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The Three Main Factors for Giving Good Advice

Use analogies

Avoid long, descriptive explanations and break things down with simple analogies. Use analogies based around common knowledge or things you know your audience would be knowledgeable about.

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The Three Main Factors for Giving Good Advice

The Three Main Factors for Giving Good Advice

https://lifehacker.com/the-three-main-factors-for-giving-good-advice-1643549972

lifehacker.com

4

Key Ideas

Relate

It's important to be sincere when you hand out words of wisdom, as well as find a way to make things connect in the brain of your audience. Advice will go in one ear and out the other if your audience can't relate.

Know your audience

Take note of your audience's preferred method of reasoning and decision making, then tailor your advice accordingly.

Use analogies

Avoid long, descriptive explanations and break things down with simple analogies. Use analogies based around common knowledge or things you know your audience would be knowledgeable about.

Obtain context

Investigate the problem and ask questions to get as much information as you can. You can't give good advice when you're missing pieces of the puzzle.

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Tell a story

Dry information and stats don’t inspire people to make a change or listen to you.

We don't usually remember facts, figures or statistics. Storytelling is how you make your advice ...

Chunk it down

Chunk your advice down into simple steps that your audience can follow. 

Aim for three steps or three takeaways if it’s possible in the context of your advice.

Have a good structure

Be logical with your advice and structure it in a way that makes sense. Be sure to have an introduction, a body and a conclusion that highlights the takeaways.

This makes your advice easier to follow and more likely to be retained.

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Avoid tension and build rapport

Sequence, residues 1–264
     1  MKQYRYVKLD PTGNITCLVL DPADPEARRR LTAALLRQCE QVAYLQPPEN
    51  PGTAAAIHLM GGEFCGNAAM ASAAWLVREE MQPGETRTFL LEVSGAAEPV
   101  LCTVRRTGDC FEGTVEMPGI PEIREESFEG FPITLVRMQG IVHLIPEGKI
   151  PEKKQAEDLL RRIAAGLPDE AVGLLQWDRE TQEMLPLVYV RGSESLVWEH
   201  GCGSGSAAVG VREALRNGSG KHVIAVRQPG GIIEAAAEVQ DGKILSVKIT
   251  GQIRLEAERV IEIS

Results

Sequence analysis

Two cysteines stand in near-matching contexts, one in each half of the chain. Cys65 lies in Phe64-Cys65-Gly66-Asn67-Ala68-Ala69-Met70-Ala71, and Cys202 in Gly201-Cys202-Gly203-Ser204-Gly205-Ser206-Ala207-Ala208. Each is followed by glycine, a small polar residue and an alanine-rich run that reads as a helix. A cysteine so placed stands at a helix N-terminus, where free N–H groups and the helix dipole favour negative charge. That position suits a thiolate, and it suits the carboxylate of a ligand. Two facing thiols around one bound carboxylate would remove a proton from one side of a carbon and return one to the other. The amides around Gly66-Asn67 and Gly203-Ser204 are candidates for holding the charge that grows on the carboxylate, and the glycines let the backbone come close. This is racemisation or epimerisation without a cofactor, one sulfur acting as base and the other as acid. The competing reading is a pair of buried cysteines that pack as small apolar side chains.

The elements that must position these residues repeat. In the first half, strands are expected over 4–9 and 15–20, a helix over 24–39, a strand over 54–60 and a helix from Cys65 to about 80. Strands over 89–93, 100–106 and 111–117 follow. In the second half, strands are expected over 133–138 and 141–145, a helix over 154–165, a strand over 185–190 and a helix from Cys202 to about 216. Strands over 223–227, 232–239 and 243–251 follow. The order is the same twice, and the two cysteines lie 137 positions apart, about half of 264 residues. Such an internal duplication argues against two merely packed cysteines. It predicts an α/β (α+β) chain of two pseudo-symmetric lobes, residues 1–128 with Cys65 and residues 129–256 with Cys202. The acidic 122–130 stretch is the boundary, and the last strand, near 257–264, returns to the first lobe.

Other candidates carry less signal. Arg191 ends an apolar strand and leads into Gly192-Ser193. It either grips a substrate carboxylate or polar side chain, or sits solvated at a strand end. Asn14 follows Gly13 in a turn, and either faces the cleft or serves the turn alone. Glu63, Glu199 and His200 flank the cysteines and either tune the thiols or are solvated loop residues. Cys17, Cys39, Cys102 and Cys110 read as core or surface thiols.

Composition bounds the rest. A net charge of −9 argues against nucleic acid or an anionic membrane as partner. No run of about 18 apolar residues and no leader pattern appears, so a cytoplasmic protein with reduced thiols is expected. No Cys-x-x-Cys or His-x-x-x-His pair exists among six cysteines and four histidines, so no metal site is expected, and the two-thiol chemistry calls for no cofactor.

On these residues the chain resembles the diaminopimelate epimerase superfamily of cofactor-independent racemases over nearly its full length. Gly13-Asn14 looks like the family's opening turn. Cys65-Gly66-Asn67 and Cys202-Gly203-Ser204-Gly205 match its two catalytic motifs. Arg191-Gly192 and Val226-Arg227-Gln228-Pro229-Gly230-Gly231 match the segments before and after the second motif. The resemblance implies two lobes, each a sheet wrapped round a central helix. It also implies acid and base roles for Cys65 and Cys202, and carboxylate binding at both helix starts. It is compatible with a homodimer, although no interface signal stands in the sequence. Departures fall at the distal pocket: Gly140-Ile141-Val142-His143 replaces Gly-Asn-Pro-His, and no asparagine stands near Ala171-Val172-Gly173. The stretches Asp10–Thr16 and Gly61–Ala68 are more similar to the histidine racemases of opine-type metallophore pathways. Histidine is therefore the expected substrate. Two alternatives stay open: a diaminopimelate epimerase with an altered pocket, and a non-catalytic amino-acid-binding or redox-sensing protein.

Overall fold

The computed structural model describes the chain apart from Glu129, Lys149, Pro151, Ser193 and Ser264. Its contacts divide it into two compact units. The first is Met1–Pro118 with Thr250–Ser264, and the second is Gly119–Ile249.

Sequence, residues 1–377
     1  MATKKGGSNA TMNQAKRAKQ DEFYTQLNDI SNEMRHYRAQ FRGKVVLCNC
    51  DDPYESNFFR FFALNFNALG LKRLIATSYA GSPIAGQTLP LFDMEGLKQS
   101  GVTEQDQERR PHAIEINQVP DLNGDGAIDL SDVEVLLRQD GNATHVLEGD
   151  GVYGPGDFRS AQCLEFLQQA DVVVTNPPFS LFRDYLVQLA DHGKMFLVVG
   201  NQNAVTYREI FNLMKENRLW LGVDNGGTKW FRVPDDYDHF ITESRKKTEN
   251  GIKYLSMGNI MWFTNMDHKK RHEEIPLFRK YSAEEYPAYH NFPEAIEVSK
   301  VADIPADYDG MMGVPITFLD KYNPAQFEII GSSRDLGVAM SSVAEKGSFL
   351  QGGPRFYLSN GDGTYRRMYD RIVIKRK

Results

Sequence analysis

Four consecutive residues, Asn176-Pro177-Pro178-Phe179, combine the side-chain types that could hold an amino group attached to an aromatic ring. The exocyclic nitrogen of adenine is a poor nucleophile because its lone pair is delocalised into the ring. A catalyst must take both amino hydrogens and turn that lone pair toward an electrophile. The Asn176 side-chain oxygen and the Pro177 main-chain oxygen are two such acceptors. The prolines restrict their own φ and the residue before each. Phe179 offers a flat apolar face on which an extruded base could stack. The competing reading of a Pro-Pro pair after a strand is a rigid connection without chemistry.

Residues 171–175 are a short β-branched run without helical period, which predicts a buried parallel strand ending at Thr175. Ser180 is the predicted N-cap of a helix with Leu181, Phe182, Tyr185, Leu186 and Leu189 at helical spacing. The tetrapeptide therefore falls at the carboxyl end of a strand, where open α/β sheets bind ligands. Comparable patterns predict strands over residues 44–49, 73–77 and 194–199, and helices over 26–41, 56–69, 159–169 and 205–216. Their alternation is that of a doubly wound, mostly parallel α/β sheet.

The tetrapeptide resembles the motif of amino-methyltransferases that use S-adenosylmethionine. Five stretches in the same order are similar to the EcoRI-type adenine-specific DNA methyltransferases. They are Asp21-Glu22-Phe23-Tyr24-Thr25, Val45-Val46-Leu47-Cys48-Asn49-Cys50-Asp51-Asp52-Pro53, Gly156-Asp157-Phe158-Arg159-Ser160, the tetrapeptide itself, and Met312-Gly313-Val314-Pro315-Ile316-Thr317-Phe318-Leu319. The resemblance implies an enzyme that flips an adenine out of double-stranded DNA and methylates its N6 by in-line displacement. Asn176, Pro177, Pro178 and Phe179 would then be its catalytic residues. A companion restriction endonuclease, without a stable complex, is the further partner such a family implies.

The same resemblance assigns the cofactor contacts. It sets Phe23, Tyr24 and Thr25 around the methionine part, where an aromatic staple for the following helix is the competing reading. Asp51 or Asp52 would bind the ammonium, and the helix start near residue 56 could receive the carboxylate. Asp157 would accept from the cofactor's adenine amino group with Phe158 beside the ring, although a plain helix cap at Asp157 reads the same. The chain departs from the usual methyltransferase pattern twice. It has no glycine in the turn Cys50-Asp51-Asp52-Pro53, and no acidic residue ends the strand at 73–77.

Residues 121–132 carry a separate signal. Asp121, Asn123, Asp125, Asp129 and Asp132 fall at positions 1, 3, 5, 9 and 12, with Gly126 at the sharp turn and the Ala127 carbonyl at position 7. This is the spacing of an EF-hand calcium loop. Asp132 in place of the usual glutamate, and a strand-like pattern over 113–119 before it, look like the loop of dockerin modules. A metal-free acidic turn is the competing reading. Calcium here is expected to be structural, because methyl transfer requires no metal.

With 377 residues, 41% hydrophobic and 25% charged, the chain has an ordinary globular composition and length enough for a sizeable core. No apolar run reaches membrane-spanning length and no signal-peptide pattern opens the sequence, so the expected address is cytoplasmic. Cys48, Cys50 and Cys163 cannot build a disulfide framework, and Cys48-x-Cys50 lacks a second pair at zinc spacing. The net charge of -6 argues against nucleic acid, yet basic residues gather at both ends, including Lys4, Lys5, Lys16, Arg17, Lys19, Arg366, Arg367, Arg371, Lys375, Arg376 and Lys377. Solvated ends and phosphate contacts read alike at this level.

Avoid tension and build rapport

This underscores the importance of starting on the right foot.  If you upset the person you’re trying to help, they’ll wall themselves off. 

It's important to use empath...

Focus on collaboration

To get someone to act on your advice, it’s going to mean giving up at least some of the credit for it. 

When the person receiving your advice feels like they had a hand in creating it—with guidance from you, the expert, of course—they’re far more likely to act on it.

Show your work

In this case, you’re showing your work because it instills trust, and trust is critical for acceptance. 

When you show you work, the person you’re advising doesn’t have to take your recommendations on blind faith. They can see exactly how you got to your advice and buy into it along the way.

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Use The "Sandwich" Approach And Be Specific On The Expected Results

"Sandwiching" your critique between two positive things about the person's softens the blow, and avoids it coming off like an attack. The mix of positive and negative makes people more likel...

Give Feedback, Not Instruction

Keep your criticism to your observations, and the impact they have. Don't try to fix the problem, just identify it.

Offer to help fix the problem, and to support the solution that the other person comes up with. Unless you know how to do the work your coworker is doing, don't try to solve it for them—they'll ignore your feedback and you.

Give Kind Criticism, And Remember The Point Of It

The point of your criticism is to help someone improve, or to correct a problem, and your feedbacks should carry that message. If you’re doing anything but that, reevaluate whether you actually have legitimate criticism to give, or you just need to talk to someone.

Offer positive and specific suggestions to alleviate the issue at hand, or identify the problem clearly without talking about the person, just the issue.

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